In his study of American minstrel entertainment, Eric Lott traces the “profound white investment in black culture” that has “constitut[ed] a particularly American structure of racial feeling” (18). Although the metaphysical dimensions of this structure are not Lott’s main concern, his analysis continually reveals the construction of blackness as source, as the nourishing presence of an original American something - American positivity itself. The nineteenth-century discourse of romantic racialism, Lott writes, insists that “what fund of emotion the ‘go-ahead-ative,’ aggressive Anglo-Saxon lacked, blacks would surely supply” (32, emphasis added): here, whiteness is construed as a kind of pure dynamism that would leave the country running on empty were it not for the ontological stability of the black emotional “fund.” As countless fantasies of blackness have demonstrated, this notion of black emotional sensibility or sentimentality can easily slip into the register of the hypersensual. It also lends itself to the celebration of a special black musicality, which in turn becomes a privileged site of the blackness-as-source construction. Thus when W. E. B. DuBois writes that Negro music is the “only real American music” (qtd. in Lott 16-17, emphasis added), he initiates blackness as a badge of musical authenticity, a function it still serves today. His remark also exhibits the close relation between origin, or source, and positivity, or reality: the only really American music (that is, the only music original to America, the only music that demonstrates America’s resourcefulness) becomes, in his phrase, the only “real” American music, that is, the only American music that can boast of a real existence, the only music that is really here.
Blackness, in short, is presence: the lifeblood of American music, that which ensures that our culture does not vanish either into the future, as the unrestrained dynamism of white “go-ahead-ativeness,” or into the past, as a mere iteration of European prehistory. If, in Norman Mailer’s fantasy, “the Negro…lived in the enormous present” (qtd. in Lott 54), this is because blackness is the site of American immediacy itself. Immediacy, like primitiveness, bears the force of an identity uncompromised by the passage of time: this is why blackness can serve the function of authentication, can be determined as - and can determine - what is real. In this sense, we can see blackface minstrelsy operating as a kind of extended set-up for the reaffirmation of what, even in minstrelsy’s heyday, American culture already knew: white representation could only cite the real thing that blackness was, a presence whose originality no representation could capture. The twentieth-century critical reaction that would, as Lott writes, “denounc[e] minstrelsy’s patent inauthenticity” (35), could do so by contrasting blackface performance to a real blackness, a blackness of authenticity and positive identity that demanded to be asserted in the “face” of white artifice. On the one hand, blackface performers like Al Jolson were able to invoke affective authenticity through the real blackness their fakery (only) cited; on the other, the ultimate insufficiency of that citation reaffirmed that blackness was a matter of depth, not mere surface, a matter - the matter - of the real, not the pretend.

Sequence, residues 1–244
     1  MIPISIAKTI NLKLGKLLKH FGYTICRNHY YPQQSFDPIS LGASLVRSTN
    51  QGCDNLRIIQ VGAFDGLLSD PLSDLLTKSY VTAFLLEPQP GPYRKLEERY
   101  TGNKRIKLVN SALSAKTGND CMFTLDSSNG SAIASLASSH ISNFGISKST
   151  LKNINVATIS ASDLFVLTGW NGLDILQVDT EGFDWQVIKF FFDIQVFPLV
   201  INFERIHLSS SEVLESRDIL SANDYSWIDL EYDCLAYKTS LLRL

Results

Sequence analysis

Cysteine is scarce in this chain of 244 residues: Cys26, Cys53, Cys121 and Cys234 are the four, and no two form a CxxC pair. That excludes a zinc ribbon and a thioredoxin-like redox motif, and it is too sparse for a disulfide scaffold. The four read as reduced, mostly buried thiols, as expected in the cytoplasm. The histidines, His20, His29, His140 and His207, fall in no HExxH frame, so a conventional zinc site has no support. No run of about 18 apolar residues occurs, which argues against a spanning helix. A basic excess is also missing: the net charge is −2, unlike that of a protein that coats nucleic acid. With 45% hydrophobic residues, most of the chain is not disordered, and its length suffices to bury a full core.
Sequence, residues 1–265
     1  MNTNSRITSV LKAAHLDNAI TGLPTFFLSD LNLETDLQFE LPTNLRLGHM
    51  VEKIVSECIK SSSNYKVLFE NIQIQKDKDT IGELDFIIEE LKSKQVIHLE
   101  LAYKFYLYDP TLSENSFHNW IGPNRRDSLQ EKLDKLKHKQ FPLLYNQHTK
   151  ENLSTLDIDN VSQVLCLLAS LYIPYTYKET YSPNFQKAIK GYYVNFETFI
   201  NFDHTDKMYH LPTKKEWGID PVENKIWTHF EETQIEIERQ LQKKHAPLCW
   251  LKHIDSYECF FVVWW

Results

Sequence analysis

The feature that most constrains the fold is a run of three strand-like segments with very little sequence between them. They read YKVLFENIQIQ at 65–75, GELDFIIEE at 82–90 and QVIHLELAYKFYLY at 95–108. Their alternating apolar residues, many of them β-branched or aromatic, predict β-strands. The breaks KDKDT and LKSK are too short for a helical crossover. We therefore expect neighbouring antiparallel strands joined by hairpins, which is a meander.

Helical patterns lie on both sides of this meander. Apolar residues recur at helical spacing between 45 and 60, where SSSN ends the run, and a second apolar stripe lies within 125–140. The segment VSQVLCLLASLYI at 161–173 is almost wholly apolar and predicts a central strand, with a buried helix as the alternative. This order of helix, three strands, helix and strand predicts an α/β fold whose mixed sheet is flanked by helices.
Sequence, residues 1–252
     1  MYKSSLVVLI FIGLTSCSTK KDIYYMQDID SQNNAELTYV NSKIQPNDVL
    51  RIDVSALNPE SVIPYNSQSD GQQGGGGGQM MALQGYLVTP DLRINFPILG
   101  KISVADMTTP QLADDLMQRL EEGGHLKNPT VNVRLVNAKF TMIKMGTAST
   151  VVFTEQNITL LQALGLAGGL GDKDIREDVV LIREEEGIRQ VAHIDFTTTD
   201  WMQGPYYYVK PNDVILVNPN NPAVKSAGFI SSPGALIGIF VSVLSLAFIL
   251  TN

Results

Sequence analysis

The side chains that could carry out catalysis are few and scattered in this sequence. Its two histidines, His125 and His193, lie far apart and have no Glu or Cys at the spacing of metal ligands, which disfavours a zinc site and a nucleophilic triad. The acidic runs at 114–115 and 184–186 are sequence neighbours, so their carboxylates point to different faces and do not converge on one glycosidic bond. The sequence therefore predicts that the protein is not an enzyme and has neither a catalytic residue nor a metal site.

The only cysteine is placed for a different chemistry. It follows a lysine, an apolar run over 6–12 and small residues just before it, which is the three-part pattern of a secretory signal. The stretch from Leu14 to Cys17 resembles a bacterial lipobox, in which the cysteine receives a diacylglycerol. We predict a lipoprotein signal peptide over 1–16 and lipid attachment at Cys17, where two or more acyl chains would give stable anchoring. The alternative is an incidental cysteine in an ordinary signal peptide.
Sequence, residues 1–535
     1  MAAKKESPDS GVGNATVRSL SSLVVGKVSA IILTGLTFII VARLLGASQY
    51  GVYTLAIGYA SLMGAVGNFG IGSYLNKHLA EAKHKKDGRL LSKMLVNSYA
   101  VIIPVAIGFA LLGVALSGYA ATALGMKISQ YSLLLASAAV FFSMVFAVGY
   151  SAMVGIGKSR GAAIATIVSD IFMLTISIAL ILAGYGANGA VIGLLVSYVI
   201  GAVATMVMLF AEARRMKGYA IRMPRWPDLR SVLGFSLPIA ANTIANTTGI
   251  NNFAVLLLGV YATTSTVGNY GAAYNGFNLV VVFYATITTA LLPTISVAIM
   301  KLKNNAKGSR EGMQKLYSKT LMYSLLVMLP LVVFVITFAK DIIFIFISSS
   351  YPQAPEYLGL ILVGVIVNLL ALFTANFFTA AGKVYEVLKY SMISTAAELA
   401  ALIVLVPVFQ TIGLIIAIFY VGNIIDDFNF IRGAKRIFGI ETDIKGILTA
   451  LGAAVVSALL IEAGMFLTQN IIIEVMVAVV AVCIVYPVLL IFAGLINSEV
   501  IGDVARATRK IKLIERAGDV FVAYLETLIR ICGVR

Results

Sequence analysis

Given this double construction of realness as blackness and vice-versa, it is hardly surprising that, as Linda Williams notes, “whites have relied on Africanist figures to provide them with some of their more ‘authentic’ feelings” throughout the history of American entertainment (140). Through her readings of The Jazz Singer and Show Boat, Williams traces the emergence of the American musical as “a new musical form in which ‘singing black, feeling black’ became a testament of white virtue” (137). In these shows - which can be regarded as founding moments for the film and stage musical respectively - the main characters, who are white, “acquire virtue by musically expressing a suffering that is recognizable as black” (137), whether through a childhood spent in close proximity to black people and their music (Magnolia in Show Boat) or through the virtuosic blacking-up that grounds Jolson’s affect in the traumatic mother-child separations of slavery. “There is something, after all, in my heart” (qtd. in Williams 149): if Jack Robin’s discovery of his inner substantiality is somehow enabled by the sight of himself as black, this is because blackness is the signifier of substance itself.